NAIROBI, August 27 – For the last five months, the Kenya Police has been carrying out an internal audit of its own strategic plan that ended in March this year.
The Strategic plan 2004-2008 had detailed a 4-year roadmap to a better-equipped and service-oriented police force.
It sought to achieve a police to public ratio of 1:450 as recommended by the United Nations (UN) from the current 1:1100 through a double entry programme.
The strategy also aimed to provide 4000 new housing units for police officers who had previously been forced to share small houses.
The strategic plan was also aimed at substantially improving remuneration for officers of all ranks, minimising crime rates and reducing the response time.
Among the challenges identified in the 4-year roadmap included the lack of human resources management policy.
It also identified lack of autonomy in the office of the Police Commissioner as another major challenge facing the force.
The strategic plan called for the establishment of an autonomous Police Commissioner’s office who will be entitled to security of tenure, an issue that seems far from being implemented.
“Reforms in the police force are ultimately aimed at contributing to national stability,” the plan states in part.
Some of the key targets stipulated in the document included:
A more customer-focused service
The highest possible level of efficiency and effectiveness
Integrity, impartiality and respect of all citizens
Professionalism in service delivery
A diverse workforce representative of all service professions
Consistent and effective use of science and technology as an ability to work in partnership with other agencies contributing to community and public safety and
Attractive terms and conditions of work.
A preview of the internal audit has revealed that only a fraction of the targets had been realised.
Actually, none of the goals has been realised fully; some elements need completion.
On the recruitment, for example, the department is still far from closing the gap as outlined by the international standards.
Police Spokesman Erick Kiraithe says this will only improve once the double-entry programme is operational.
Until early this year, the Kiganjo police college has only admitted recruits once a year. Now the college has partnered with the National Youth Service (NYS) and is admitting the NYS graduates for a shorter (3 months) course.
This double annual recruitment has boosted the confidence of the Spokesman. “We are certainly moving there, we will have to achieve the recommended ratio,” he said.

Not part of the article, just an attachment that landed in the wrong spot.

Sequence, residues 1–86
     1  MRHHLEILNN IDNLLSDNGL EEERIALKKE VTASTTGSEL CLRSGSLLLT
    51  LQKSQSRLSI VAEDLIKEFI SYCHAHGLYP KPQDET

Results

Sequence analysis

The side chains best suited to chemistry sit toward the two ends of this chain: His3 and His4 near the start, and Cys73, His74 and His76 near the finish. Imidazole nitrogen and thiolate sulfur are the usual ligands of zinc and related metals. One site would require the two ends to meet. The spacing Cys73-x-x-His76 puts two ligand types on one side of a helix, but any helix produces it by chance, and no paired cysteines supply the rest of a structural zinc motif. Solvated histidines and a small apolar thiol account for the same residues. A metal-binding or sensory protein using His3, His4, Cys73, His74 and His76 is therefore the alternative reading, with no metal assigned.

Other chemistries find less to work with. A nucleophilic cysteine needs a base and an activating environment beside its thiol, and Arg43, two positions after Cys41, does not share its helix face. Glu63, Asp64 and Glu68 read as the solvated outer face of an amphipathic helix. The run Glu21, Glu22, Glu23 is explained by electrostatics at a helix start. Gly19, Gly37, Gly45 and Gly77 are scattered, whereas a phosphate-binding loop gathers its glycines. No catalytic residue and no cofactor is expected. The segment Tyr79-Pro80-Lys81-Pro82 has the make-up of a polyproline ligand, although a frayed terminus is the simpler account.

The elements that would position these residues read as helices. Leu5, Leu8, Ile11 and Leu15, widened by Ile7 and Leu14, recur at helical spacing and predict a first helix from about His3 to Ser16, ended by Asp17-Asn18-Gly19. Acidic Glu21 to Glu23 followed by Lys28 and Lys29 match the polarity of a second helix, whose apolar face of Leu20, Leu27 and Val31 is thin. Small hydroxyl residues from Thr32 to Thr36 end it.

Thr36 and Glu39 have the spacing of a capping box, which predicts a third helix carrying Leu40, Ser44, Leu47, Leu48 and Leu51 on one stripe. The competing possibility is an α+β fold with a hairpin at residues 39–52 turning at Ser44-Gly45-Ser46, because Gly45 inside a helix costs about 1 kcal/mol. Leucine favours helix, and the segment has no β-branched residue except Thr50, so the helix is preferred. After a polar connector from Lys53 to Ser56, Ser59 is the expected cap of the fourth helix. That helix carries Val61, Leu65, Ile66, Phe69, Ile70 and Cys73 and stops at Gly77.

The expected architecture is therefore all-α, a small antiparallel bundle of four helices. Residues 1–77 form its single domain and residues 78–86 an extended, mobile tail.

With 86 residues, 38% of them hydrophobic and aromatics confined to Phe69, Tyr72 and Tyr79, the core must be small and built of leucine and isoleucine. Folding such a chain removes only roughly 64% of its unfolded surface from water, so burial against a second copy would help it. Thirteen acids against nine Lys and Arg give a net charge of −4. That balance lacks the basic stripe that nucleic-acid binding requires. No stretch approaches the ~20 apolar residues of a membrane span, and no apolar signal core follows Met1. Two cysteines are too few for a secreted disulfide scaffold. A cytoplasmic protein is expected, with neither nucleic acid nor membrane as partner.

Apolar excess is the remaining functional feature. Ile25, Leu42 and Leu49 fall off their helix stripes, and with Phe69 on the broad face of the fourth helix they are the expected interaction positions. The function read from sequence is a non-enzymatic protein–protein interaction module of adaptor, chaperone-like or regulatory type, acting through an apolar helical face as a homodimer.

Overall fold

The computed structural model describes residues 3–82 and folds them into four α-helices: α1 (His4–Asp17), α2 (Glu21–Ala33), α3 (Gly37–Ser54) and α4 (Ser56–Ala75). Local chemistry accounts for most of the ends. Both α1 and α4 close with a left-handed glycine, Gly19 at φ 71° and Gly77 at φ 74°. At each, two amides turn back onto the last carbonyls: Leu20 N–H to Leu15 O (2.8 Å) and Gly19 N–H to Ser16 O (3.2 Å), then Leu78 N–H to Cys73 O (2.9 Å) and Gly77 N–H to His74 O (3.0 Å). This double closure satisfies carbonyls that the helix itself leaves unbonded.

On the housing project, Capital News has established that none of the units that have been under construction for the past four years has been completed.
“This problem of housing is still there. I have been sharing houses with three colleagues for more than three years now. Nothing has changed,” a police officer at Kamukunji police station, said.
When we put this question to the Police Spokesman, he said; “We have managed to put up over 4000 houses and this is indeed an achievement.”
Kiraithe however, admits that many of the housing projects are yet to be completed.
“We have made great achievements, in almost all the areas we were targeting. Look at crime for instance, it has reduced to 13 per cent, thanks to the successful community policing project,” he said.
Members of the public interviewed by Capital News beat are divided on this issue.
While some agree that crime rates in the country have significantly reduced, many hold the view that crime is still high.
“How can they (police) claim to have recorded a remarkable reduction in the crime rates yet we hear of carjacking and robberies every day. What statistics are they talking about here?” Kenneth Mwangi, a resident of Nairobi posed.
Another key factor in the strategic plan, which the police say has been implemented, is the purchase of 400 new vehicles.
Many of these patrol vehicles were purchased through the GJLOS programme – a government initiative for reforms in the governance, justice, law and order sectors.
Kiraithe owes the success of the police operations to the increased resources.
“Today, we have at least a vehicle or two in each and every police station in the country. Although we still need more, we have made strides since we acquired them,” he said.
Kiraithe cites lack of sufficient funds as the major constraint that faced the department in implementing the strategic plan.
Last month, police officers were awarded a 10 percent pay increase inline with the strategic plan.
The implementation that was effected in July entitled the lowest earning officer to Sh11, 010 from the previous Sh 10,000.
The pay was backdated to January 2008.
Officers holding the rank of a Corporal now take home Sh14, 370 up from Sh12, 876, with a police sergeant earning Sh19, 710 up from Sh17, 790.
Other ranks above the Sergeant were awarded an increase of between Sh5, 000 and Sh10, 000.
Other beneficiaries of the new increment include the Administration Police, National Youth Service (NYS) and officers at the Prisons Service department.
A circular from the Office of the President indicates that the government will incur an extra Sh1.5 billion per month in implementing the new salary increment.
With the expiry of the 2004-2008 strategic plan, the Kenya Police on Tuesday began developing yet another strategic plan which will run up to 2013.
A questionnaire posted on the Police website is asking Kenyans to contribute and identify key areas that need attention.
The questionnaire indicates that the development of the 2008-2013 strategic plan is geared towards coinciding with the vision 2030 that is still in its initial stage.